For prototypes or to use the more popular term for MVPs it is even possible to generate the UI out of the data model. We did it back in 2003. We got the customer to specify the data to be presented/edited as XML Schema Defintions (XSDs). We then enriched the XSD with additional information like read-only/read-write, etc. and applied a XML StyleSheet Transformation (XSLT) to generate Java (Swing) code out of it. It worked really well and paid out, hence we had to do 300+ forms 🙂
BTW, after refining the XSLT the generated forms got productive. Even better the customer really loved them, because of uniformity. All forms had the same look&feel.
I agree. Most of forms are trivial CRUDs so they could be automatically generated In fact this was the focus of my old and completely failed attempt to build a generator: https://modeling-languages.com/umltosql-umltosymfonyphp-and-umltodjangopython-are-now-open-source/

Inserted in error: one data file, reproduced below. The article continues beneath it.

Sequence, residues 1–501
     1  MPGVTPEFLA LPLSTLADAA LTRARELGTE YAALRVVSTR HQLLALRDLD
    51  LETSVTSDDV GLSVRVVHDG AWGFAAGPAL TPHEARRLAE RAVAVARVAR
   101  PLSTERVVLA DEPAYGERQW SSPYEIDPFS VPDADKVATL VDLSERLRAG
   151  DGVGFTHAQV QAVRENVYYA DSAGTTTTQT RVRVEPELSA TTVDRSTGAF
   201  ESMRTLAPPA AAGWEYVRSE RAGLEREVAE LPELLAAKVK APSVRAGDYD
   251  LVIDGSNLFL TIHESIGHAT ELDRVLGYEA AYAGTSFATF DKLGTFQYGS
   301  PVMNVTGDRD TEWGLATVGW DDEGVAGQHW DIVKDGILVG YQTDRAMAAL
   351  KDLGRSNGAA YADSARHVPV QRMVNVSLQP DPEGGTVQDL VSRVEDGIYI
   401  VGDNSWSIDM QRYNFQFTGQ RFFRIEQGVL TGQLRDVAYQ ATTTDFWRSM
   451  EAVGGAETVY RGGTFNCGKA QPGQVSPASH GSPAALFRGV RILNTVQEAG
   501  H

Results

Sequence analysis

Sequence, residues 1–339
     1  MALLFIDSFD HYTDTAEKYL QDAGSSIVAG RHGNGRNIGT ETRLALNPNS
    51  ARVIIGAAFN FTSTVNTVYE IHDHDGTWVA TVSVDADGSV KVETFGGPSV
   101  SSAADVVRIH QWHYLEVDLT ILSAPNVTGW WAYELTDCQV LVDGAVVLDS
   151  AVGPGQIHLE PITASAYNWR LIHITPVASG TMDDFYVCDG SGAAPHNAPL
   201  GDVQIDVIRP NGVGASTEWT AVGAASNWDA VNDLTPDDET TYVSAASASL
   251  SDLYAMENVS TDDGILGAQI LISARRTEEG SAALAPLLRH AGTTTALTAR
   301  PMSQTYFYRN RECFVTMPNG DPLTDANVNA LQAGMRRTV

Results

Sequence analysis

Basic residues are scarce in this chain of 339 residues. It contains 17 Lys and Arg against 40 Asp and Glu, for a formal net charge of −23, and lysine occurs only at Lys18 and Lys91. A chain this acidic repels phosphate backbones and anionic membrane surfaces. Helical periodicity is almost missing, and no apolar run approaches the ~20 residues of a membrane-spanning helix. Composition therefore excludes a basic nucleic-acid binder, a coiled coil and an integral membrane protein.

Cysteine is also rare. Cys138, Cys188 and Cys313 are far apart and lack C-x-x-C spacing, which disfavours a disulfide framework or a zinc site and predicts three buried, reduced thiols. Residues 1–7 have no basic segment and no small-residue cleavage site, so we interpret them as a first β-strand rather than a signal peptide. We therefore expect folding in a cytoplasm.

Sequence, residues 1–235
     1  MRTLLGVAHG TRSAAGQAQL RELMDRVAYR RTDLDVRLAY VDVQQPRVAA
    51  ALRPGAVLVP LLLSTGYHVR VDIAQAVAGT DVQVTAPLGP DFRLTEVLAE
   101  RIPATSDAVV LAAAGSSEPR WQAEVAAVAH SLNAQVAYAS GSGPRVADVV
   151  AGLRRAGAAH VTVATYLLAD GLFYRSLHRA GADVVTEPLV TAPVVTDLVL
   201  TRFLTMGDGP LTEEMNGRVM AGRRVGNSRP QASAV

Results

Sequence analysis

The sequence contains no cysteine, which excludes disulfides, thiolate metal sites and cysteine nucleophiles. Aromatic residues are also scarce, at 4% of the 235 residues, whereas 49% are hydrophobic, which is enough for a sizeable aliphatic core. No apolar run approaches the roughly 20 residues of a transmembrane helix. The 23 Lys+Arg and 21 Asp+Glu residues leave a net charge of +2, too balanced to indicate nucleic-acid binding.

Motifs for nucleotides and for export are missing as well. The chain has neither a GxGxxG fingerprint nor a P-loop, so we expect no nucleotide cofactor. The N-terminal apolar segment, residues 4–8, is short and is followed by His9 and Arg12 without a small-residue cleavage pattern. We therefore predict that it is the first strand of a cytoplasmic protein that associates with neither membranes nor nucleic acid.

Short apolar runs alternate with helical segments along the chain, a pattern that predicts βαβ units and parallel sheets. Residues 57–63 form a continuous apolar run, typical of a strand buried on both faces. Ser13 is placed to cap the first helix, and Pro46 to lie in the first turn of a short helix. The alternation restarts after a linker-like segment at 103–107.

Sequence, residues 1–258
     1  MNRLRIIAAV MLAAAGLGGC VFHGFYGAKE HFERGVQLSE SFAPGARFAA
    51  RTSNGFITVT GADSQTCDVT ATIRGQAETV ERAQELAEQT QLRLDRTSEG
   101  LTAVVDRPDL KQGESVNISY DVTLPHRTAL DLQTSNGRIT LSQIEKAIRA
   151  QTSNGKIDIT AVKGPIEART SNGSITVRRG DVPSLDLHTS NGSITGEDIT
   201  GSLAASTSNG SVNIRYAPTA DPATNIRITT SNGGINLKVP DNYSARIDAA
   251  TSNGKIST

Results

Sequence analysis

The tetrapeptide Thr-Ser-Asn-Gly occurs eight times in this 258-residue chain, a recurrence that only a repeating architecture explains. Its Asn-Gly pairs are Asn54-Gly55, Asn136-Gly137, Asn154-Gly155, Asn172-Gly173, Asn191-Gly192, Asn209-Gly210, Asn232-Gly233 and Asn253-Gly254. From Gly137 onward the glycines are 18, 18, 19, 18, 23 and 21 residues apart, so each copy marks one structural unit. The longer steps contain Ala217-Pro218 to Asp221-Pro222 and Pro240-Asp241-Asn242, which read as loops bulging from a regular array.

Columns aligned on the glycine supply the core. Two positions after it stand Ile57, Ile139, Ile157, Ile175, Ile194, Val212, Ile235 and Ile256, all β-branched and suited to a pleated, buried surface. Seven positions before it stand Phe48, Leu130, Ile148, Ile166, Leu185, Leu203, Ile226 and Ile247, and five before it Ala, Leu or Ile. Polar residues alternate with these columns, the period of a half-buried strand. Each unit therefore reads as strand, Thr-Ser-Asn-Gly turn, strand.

I finally found the slide set a was looking for, here it is
I has been posted by yourself 😉
The last figure I was told by Saab Bofors Dynamics AB engineers, that Saab Bofors Dynamics AB generates 97.8% of the source code out of models.
It’s the mind set, that limits.
s/I has been posted by yourself/I guess the slide set has been posted by yourself/
Interesting stat (but no, I didn’t post those slides)
Interesting work. But while
> 20% of the modeling effort suffices to generate 80% of the application code
is in principle perfectlycorrect, one also have to face the fact
complexity is system inherent
That means you complexity remains the same whatever syntax you use.
Another aspect is mind-set or to be more specific, the syntax favored by developers. Developers are no modelers. Developers prefer to work with a text based syntax. That is why annotation
@Min(value = 18, message = “Age should not be less than 18”)
@Max(value = 150, message = “Age should not be greater than 150”)
private int age;
is so extremely popular among developers. The abstraction level is as high as with UML models created to generate source code. The transformation mechanisms used are also the same. The Java annotation processing tool (apt) performs pre-compile- time transformations as an ATL or a MOFM2T based transformation does. So your research work was not in vain.
As a result, transformation has become extremely popular 😉